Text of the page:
For the first time at Binghamton University, students united for One Billion Rising, an international movement against women’s violence that uses Feb. 14, or “V-Day,” to increase awareness.
Eve Ensler, founder of the organization and author of “The Vagina Monologues,” named the movement using the fact that one in three women are abused in their lifetime, adding up to 1 billion women worldwide.
Thirty men and women crowded into the Uppergrounds in the New University Union Thursday evening, talking among themselves and decorating Valentines for women in shelters.
PEACE OUTside Campus, a student group that promotes nonviolence, and Lamda Theta Alpha Latin Sorority, Inc. Epsilon Omicron Chapter, organized the event, which featured a screening of “The Vagina Monologues,” with help from the Interpersonal Violence Prevention Program.
Sofia Sainz, chair of public relations and community and service at Lamda Theta Alpha, said she was pleased that BU was taking part in the movement.
“There were a lot of options — other schools do dances, walks, or have concerts — so it’s a small event in comparison, but we’re still getting involved,” said Sainz, a senior majoring in environmental studies.
The event started with a short film from One Billion Rising, showing the faces of women from around the world who were beaten and raped. Smiles broke out among attendees as the women in the video stood up against their oppressors.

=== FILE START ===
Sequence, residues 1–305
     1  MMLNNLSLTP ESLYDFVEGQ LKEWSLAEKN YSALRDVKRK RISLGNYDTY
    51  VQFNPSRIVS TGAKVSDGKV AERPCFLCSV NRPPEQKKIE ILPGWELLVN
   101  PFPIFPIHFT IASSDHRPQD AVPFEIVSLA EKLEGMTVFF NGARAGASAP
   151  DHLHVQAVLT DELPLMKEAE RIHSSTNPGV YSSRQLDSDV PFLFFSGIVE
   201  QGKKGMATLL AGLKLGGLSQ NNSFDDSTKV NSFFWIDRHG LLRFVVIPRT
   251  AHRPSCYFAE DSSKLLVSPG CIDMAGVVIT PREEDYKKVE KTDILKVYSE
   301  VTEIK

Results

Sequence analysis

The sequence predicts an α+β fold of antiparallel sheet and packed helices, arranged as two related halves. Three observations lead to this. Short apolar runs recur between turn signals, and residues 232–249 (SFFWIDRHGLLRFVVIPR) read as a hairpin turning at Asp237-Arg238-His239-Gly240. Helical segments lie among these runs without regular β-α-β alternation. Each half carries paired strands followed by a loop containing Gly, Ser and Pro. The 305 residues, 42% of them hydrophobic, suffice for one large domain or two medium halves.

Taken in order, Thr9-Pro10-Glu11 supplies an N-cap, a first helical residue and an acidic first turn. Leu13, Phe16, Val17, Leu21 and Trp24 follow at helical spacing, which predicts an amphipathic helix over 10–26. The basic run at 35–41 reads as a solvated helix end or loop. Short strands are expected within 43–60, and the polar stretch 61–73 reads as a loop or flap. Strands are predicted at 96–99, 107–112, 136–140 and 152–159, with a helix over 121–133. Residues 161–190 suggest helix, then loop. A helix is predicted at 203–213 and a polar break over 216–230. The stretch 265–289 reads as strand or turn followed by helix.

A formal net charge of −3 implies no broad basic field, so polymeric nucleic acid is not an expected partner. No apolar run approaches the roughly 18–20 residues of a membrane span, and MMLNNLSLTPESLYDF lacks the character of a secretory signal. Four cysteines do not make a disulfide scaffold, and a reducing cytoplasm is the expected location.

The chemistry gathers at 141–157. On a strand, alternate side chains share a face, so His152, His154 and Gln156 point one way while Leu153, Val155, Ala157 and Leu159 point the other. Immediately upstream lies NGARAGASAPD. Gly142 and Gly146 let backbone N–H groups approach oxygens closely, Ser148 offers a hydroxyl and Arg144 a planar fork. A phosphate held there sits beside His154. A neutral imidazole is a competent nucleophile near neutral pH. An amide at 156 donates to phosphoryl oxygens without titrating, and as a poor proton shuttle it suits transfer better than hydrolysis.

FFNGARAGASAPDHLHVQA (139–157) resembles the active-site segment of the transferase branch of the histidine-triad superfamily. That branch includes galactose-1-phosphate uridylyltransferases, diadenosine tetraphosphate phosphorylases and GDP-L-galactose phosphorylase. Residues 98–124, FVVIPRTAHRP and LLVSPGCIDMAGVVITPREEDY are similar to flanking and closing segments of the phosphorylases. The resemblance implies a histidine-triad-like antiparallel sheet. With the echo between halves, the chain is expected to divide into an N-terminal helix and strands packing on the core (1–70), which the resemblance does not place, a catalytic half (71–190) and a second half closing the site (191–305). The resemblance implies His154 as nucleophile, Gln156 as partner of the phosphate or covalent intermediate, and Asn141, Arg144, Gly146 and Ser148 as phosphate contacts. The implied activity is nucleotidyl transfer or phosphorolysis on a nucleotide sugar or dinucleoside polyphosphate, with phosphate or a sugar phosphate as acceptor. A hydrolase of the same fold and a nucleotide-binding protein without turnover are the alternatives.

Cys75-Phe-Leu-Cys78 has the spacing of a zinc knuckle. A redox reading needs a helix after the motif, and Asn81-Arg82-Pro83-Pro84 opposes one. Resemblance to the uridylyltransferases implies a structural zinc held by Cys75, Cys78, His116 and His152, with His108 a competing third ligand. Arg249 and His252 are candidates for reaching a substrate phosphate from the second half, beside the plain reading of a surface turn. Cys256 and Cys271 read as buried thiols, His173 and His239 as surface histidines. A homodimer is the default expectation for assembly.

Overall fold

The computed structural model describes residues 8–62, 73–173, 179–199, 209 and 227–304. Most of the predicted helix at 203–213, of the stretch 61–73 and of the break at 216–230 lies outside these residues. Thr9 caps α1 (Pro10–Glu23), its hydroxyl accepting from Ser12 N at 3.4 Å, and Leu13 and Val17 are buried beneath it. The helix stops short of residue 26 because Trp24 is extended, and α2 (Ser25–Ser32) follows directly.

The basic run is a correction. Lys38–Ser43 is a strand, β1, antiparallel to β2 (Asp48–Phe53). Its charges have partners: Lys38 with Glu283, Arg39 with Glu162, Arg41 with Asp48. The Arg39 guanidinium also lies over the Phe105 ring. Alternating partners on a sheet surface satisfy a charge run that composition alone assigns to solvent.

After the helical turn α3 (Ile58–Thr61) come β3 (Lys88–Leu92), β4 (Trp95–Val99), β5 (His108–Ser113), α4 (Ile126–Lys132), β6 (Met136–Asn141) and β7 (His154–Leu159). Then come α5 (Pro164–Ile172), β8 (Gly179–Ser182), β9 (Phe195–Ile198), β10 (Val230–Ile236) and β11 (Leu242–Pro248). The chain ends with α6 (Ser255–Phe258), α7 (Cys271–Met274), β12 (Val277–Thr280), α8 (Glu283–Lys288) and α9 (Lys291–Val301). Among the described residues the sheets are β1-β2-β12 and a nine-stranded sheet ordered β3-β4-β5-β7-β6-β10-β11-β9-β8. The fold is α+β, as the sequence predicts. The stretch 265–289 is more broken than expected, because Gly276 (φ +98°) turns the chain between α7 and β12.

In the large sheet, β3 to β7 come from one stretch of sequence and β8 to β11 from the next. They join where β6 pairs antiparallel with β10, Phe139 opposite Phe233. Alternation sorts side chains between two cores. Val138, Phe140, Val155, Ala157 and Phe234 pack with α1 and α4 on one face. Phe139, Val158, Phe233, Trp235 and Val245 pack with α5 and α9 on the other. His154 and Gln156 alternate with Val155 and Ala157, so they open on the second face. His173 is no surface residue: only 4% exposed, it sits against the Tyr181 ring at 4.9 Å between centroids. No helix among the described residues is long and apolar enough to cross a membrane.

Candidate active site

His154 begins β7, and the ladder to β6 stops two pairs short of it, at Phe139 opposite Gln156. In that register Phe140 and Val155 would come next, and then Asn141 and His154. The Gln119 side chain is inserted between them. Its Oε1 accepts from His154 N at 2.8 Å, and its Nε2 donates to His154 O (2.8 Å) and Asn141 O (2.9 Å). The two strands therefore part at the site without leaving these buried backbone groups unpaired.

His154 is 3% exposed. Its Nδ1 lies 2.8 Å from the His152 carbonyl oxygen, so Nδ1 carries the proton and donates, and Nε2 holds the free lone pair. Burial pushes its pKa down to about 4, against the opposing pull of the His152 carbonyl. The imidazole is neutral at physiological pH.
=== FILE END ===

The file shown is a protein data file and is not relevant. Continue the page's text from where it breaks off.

There was an uneasy laughter as the main film began, both from the actors and the viewers. After speaking with more than 200 women, the narrator of “The Vagina Monologues” relayed stories about their experiences with this taboo body part.
Shane Tracy, a freshman majoring in engineering, said the event wasn’t what he expected.
“I thought it was good, just very different,” Tracy said. “But the women showed they have power and seemed proud.”
Rachel Sommers, president of PEACE OUTside Campus, said she hoped the event got the message across, even if on a small scale.
“We want to bring awareness about women’s violence to students … and spread peace around campus,” said Sommers, a junior majoring in psychology.
But Sommers said she was disappointed the group had to hold the event on such short notice.
Interpersonal Violence Prevention Coordinator Jessica Krohn said she will help students to build on the event in the coming years.
Krohn encouraged students to get involved in any way they can to support next year’s One Billion Rising.
“We would love to bust out a huge dance next year, it’ll just take some more advanced planning,” Krohn said.